How to merge two dictionaries with Python

January 13, 2022

How to merge two dictionaries with Python

In this article, we’ll learn ways to merge two dictionaries with Python, so you have alternatives when performing this action.

merge two dictionaries with Python cover

Hey you programmers, okay? Let’s learn more about Python!

Let’s say we have two dictionaries:

x = {'a':1, 'b':2, 'c':3}
y = {'d':4, 'e':5, 'f': 6}

The first form we’re going to use was added to Python in its 3.5 version

And it’s very simple to be performed, check it out:

newDict = {**x, **y}

print(newDict) # {'a': 1, 'b': 2, 'c': 3, 'd': 4, 'e': 5, 'f': 6}

Remembering that this operator will only work in Python 3.5+ versions

But it’s a very simple way, we just use these special notations in each of the dictionaries

And Python will merge it, as shown in the print

And we don’t need to just do it with variables, see another example:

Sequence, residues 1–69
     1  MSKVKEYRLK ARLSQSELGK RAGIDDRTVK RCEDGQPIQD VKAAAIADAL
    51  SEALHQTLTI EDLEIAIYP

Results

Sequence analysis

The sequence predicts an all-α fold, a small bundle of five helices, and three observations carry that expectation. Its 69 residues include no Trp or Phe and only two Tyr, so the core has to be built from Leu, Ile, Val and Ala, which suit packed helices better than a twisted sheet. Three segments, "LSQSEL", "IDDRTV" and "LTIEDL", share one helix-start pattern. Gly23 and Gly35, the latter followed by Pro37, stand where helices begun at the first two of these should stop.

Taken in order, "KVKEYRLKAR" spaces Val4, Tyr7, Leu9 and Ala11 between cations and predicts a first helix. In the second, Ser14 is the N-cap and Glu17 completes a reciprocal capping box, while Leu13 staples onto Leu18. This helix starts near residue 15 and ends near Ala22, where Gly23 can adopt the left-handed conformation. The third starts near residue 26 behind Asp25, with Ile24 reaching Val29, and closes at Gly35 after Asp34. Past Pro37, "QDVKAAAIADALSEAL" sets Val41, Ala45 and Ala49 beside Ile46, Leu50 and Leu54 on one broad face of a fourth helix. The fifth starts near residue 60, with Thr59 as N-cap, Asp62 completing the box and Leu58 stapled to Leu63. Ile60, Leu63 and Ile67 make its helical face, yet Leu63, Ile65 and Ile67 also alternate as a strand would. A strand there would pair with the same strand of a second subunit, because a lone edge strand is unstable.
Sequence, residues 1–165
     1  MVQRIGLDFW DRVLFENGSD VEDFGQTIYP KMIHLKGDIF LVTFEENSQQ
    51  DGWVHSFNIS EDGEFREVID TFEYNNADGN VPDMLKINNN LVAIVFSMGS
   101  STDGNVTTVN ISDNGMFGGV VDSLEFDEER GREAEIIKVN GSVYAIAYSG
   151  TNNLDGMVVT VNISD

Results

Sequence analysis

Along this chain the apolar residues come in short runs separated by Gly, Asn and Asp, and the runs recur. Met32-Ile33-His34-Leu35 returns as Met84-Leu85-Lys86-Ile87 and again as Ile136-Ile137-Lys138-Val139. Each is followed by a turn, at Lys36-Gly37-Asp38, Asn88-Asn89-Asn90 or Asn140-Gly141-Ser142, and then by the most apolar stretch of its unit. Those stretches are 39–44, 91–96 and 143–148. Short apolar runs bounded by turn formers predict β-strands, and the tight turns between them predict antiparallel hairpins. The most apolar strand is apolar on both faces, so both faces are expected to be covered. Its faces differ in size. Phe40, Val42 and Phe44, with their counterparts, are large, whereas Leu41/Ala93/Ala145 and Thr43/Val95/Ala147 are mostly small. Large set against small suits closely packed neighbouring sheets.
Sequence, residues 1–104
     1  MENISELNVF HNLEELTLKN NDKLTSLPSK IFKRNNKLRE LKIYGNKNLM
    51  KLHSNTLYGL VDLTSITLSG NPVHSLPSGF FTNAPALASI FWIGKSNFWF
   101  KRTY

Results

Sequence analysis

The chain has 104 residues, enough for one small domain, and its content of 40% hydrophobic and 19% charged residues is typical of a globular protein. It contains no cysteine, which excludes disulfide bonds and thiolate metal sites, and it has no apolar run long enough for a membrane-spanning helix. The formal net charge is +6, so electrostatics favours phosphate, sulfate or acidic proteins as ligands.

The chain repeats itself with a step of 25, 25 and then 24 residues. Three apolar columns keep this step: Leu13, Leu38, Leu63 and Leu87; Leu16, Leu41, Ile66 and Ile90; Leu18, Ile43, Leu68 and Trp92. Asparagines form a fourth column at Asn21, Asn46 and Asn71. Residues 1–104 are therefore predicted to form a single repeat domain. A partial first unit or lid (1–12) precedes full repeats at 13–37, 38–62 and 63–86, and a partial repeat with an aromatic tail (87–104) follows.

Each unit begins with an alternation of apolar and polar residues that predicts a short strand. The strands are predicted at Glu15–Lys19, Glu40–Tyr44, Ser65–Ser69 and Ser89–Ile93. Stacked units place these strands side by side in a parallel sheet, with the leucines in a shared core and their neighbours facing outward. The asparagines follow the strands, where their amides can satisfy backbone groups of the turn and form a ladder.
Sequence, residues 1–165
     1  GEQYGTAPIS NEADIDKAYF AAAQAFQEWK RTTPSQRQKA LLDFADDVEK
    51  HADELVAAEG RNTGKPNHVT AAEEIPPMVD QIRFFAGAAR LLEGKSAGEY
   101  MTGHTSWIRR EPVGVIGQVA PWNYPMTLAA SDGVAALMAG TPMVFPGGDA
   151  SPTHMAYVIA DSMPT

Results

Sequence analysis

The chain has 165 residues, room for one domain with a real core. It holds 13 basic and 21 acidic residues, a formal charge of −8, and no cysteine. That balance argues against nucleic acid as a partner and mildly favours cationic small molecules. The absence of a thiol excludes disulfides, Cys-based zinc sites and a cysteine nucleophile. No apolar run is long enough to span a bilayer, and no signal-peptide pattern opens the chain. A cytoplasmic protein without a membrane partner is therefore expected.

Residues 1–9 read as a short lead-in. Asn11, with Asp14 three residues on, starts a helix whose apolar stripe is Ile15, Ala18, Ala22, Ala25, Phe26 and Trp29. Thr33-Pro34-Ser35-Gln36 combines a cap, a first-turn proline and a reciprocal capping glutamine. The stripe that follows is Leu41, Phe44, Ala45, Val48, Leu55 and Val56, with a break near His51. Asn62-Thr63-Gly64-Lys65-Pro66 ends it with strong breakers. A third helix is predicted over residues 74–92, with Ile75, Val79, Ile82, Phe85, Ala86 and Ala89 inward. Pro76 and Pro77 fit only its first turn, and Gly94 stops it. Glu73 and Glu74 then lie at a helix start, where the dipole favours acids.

anotherDict = { **newDict, 'test': 'testing', 'x': 100}

print(anotherDict) # {'a': 1, 'b': 2, 'c': 3, 'd': 4, 'e': 5, 'f': 6, 'test': 'testing', 'x': 100}

Cool, isn’t  it??


In Python 3.9 a new way to do this action is being studied, this version of Python should be out around October 2020

The syntax will be:

dic3 = dic1 | dic2

It is left to be seen if it will actually be implemented, but until then use the version mentioned in the article


In this article we learn how to join two dictionaries with Python

We use a special syntax for this, which consists of adding the two dictionaries to a variable with two * in front, between braces

See the syntax summary:

x = { **y, **z }

Furthermore, we learned  that it is not necessary to use variables, we can create the new dictionary with its literal notation

Want to learn more about Python? Click here!

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